Closing the evidence gap on cannabis, youth, and chronic pain

Last modified by Logan Green on 2020/10/05 21:40

Chronic daily headache is one of the most common pain syndromes in adolescence, reported by up to 8% of the population. Despite many available therapies and a three-pronged approach to treatment, only roughly 50% will experience remission. For those who have failed conventional treatments cannabis-based medicines may present an effective option. This session will discuss cannabis used for medical purposes in children with a focus on pain and chronic daily headache. We will share the findings from our work engaging youth in the design of clinical trials to begin to close the evidence gap on cannabis, youth and chronic pain.

Main messages:
1.     Cannabis is being used for pain management by youth and adults

2.     Cannabis-based therapies present a potential for youth with chronic daily headaches that do not respond to traditional treatments, but more research is needed to establish safety, dosing and benefit

3.      You can only improve the impact of your studies by engaging in discussions with the population during the design process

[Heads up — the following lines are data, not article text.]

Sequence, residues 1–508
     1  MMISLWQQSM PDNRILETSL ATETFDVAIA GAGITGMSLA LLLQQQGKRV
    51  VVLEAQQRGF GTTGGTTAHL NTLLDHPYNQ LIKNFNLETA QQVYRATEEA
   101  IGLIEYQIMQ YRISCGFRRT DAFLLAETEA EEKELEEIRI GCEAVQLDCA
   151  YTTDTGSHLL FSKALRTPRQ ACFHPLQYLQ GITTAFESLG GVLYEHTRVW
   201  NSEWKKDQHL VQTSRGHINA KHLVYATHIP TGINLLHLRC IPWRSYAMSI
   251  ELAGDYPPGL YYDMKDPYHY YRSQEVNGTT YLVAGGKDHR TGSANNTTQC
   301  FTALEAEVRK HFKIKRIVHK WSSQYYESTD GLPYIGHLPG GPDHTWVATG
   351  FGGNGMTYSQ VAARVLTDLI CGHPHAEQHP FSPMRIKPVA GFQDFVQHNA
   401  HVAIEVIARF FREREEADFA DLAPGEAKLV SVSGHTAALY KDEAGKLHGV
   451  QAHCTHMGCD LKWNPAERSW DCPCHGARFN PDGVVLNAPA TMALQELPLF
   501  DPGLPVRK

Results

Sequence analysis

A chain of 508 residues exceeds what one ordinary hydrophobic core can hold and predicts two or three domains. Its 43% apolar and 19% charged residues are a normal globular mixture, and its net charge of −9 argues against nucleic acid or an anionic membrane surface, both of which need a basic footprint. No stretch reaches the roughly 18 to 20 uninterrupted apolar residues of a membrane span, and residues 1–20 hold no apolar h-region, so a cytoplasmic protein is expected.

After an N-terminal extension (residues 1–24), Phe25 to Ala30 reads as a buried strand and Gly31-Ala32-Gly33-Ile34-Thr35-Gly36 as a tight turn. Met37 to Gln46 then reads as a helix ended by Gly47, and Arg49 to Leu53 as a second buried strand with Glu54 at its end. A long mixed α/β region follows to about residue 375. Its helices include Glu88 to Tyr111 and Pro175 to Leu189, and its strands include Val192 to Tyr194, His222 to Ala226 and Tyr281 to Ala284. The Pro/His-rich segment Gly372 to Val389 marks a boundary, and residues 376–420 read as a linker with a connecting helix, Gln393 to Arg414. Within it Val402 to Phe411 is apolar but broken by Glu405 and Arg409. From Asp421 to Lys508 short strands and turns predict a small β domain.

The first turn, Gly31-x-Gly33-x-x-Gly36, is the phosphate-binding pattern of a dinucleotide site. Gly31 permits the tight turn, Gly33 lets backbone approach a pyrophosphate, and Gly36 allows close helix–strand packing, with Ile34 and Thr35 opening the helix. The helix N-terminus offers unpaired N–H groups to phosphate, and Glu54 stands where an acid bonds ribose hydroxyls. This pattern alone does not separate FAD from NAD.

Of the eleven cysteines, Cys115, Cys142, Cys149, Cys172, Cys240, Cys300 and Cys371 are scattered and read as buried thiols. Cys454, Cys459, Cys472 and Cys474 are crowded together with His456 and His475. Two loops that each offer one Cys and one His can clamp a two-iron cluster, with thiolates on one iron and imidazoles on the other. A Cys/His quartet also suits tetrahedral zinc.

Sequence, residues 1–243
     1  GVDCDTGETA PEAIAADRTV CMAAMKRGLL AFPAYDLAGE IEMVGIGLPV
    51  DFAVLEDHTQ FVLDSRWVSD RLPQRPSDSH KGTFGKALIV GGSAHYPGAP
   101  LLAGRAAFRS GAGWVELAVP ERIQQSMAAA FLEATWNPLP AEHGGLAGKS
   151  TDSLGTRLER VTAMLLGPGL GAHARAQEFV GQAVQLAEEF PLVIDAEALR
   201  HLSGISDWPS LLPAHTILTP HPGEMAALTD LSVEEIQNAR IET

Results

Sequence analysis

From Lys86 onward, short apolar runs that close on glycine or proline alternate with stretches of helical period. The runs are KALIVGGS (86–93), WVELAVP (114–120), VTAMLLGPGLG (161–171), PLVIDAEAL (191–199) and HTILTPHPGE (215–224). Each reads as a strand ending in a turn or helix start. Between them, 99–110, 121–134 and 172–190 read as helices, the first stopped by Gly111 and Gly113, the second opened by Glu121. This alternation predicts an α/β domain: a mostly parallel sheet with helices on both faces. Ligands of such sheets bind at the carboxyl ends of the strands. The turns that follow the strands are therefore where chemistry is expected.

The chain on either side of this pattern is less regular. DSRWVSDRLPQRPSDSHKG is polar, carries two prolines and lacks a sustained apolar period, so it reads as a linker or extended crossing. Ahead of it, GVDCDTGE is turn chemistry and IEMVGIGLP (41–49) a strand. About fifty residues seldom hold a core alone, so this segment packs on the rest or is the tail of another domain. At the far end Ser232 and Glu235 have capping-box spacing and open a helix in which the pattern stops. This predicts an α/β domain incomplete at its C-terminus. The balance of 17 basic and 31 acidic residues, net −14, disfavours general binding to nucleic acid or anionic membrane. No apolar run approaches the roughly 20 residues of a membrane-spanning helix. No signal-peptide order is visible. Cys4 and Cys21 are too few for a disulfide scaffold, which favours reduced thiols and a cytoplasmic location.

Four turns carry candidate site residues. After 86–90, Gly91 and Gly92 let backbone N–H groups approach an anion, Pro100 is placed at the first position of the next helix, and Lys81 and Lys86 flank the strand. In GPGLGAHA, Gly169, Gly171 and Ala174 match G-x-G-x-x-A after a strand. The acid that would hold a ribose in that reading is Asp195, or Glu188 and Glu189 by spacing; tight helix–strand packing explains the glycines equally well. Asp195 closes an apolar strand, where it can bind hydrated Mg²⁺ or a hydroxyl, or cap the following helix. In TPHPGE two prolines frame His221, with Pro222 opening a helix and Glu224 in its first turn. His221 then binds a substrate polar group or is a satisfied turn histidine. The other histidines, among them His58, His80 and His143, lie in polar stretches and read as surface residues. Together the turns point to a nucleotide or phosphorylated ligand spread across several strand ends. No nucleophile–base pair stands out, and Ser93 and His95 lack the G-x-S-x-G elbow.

Click here to register for the webinar on October 28, 2020 from 11:00 AM to 12:00 PM EDT.

Dr. Lauren E Kelly is an Assistant Professor in the Department of Pediatrics & Child Health and in Community Health Sciences at the University of Manitoba. She is a Scientist at the Children’s Hospital Research Institute of Manitoba and a Clinical Trialist at the George and Fay Yee Centre for Healthcare Innovation. She is the Scientific Director of Canadian Childhood Cannabinoid Clinical Trials (www.C4Trials.org), a research platform that studies the safety of cannabis products used for medical purposes in the pediatric population. Dr. Kelly received a PhD in Pharmacology and Toxicology from the University of Western Ontario where her graduate work focused on identifying genetic and clinical risk factors for opioid toxicity in children. She completed two Post-doctoral Fellowships at the Hospital for Sick Children and at Mount Sinai Hospital in Toronto. Dr. Kelly’s SickKids New Investigator Award will look at engaging youth in the design of clinical studies on cannabis products. Her team will complete a youth and parent-informed tolerability study with adolescents diagnosed with chronic daily headache who have failed multiple existing therapies from across Canada. 

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Created by Logan Green on 2020/10/05 20:56